To be honest, I have rarely been completely alone in my travels. When I left home to travel to Asia, and eventually move to Australia, I was with someone the whole time. For the past two years, I have had my gorgeous girlfriend by my side, but during these times there has been an immense sense of loneliness and distance that comes with the complete freedom that is traveling around the world.
I have been struggling with some feelings of loneliness recently, so I thought I’d share some of my thoughts on what it’s like to be a “kind-of-solo traveller” and the feeling of isolation and distance that can come with it.
One of the things I struggle with most is making friends in one place, and then having to leave them behind when you move on. I have been doing this for five years now, leaving trails of friendship all over the place. It’s fantastic in some aspects, you create lifelong friendships with people from different cultures (and always have a place to crash whenever you end up back there), and build an understanding that friendship really IS about who you have in your heart – not around you.
The other aspect is those friendships that don’t quite make it. The ones that start off so well but you don’t keep in touch, or you didn’t get close enough to build that connection before you go. Each time you leave a place there are multiple things that you have to grieve with it, and these kinds of friendships are one of them. I have now gotten pretty good at leaving people.
Having to go somewhere new and start fresh means that you have to build friendships from the ground up. You arrive somewhere completely alone, and it’s up to you to go and find your people. I am thankful for the making-friends skill this has given me, but sometimes I just wish I had my best friends by my side.
The disconnect from home is something that is really real. It has been 3 and a half years since I was in my home in Glasgow and it feels like longer. The thing about travelling is that it completely changes you as a person. My girlfriend asked me today what the most important moment of my life so far was, and my answer was the moment I left home to travel.
At that moment, my life path changed. It’s like when I look back home before I left, I look at a completely different person waiting to get on that flight. I know that moment has made me who I am today. I’m not saying I would be the same if I hadn’t left, but I wouldn’t be this person right now.
The thought of going home after so long and feeling like a completely changed person is bittersweet. I cannot wait to see my family and at the core I am – of course – still the person they knew. But I can’t help but worry. Worry that I will no longer fit into the space that is there for me and worry that I will revert back to the person I was before I left.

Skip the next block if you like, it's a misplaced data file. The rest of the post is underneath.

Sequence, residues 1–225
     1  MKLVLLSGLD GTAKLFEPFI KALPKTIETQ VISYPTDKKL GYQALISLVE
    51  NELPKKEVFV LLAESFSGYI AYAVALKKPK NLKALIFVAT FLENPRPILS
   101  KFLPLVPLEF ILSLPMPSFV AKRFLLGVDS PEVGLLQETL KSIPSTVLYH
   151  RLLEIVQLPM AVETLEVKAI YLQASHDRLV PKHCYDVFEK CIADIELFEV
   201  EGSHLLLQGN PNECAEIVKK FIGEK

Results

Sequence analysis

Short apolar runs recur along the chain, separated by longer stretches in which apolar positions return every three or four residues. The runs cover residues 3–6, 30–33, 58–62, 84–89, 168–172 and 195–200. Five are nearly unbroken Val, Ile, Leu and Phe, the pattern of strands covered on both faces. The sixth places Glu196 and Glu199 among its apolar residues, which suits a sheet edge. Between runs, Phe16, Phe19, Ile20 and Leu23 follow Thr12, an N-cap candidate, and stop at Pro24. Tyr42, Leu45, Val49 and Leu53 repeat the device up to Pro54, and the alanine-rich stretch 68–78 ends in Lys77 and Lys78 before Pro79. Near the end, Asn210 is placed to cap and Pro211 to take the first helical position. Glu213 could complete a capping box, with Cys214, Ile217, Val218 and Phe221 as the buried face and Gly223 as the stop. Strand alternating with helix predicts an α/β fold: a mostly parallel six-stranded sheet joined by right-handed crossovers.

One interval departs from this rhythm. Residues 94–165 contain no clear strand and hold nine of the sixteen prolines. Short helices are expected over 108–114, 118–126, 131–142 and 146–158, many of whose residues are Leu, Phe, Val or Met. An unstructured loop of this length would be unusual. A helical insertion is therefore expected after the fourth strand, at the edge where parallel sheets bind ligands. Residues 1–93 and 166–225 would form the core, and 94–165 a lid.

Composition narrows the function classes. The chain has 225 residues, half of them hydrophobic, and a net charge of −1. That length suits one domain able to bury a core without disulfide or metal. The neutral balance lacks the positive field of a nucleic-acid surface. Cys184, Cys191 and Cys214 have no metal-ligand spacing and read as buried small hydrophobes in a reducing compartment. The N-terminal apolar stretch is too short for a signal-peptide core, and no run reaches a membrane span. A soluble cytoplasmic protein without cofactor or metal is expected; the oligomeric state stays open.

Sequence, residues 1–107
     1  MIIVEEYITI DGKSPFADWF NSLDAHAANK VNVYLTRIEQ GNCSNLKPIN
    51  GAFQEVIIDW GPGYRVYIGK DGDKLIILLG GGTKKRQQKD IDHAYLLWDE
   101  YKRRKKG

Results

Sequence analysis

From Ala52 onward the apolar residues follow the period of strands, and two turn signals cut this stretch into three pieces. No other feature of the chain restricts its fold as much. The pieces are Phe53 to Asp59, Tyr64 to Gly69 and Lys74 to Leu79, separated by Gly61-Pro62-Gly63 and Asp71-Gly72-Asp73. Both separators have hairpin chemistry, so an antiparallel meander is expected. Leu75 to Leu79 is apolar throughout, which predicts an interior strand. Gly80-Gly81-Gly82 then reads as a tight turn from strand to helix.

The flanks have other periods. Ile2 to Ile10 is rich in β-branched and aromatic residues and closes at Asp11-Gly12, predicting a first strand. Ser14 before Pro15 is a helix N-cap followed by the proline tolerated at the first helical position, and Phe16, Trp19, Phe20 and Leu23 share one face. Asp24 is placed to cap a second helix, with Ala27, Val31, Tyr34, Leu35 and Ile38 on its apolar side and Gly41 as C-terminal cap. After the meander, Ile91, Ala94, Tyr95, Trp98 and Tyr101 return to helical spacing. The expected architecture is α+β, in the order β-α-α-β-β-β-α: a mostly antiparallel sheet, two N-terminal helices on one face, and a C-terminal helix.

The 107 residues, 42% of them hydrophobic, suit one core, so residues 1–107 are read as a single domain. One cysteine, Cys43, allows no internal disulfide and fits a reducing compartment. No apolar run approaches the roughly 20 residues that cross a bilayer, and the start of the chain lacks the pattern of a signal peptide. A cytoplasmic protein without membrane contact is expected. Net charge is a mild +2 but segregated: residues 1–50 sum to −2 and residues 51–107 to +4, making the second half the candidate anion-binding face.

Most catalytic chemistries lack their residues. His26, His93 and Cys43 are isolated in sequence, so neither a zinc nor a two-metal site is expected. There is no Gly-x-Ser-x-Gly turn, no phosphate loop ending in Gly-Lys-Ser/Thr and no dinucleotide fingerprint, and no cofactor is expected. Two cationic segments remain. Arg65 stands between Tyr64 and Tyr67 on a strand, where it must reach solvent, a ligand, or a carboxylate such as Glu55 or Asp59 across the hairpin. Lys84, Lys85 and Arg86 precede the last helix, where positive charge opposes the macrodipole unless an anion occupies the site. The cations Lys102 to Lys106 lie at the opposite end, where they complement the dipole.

I am so fortunate to talk to my family on a – very – regular basis, so I never feel too far away. I am just a person who watches from the outside, and I constantly wonder if I will regret the decision to spend so much time away from them when I am old and grey.
It can be hard when you are travelling with just one other person, to not constantly emotionally dump on them. They are the support system you have physically, so it’s your natural instinct to share all of your problems with them. However, something I have learned is that this is not sustainable and having to find other avenues of support is key.
Reaching out to people and asking for help or support is something I am learning to do. I think it’s something we are all learning to do. Being okay with needing extra support outside of the people you are with is brave and will bring you closer to the people that you feel furthest away from.
There has been one time when I was totally alone. When I moved from Sydney – Melbourne and then eventually from Australia to New Zealand. At this point I was alone, I had no partner and no friends to do the move with me like I normally do.
It was one of those times in my life I look back at and think “wow, I really can do whatever I want to”. I felt totally free. I felt liberated, independent, strong and capable. I have never felt more sure of myself than when I was moving around alone. I let my inner world guide me. I allowed myself to be totally authentic to myself, and this is what lead me to meeting the love of my life and her loving me for exactly who I am.
Some things are way more scarier in your head than they are to actually complete and moving countries – or travelling – alone is one of them. Sure, it’s terrifying, but the reward is SO much more superior. I would have never have thought it would be something I’d be able to do alone, without another person to guide me, until I did it. I’d say that was another defining moment in my life – needing no one beside me to chase my dreams with, and loving it.
While being alone is scary, and can be isolating. The good thing is, people are never far away. Those friends that feel like family will always be there whenever you need them, your family will never refuse a facetime call and in times of total solitude you can prove to yourself that sometimes, you are the best company you can keep.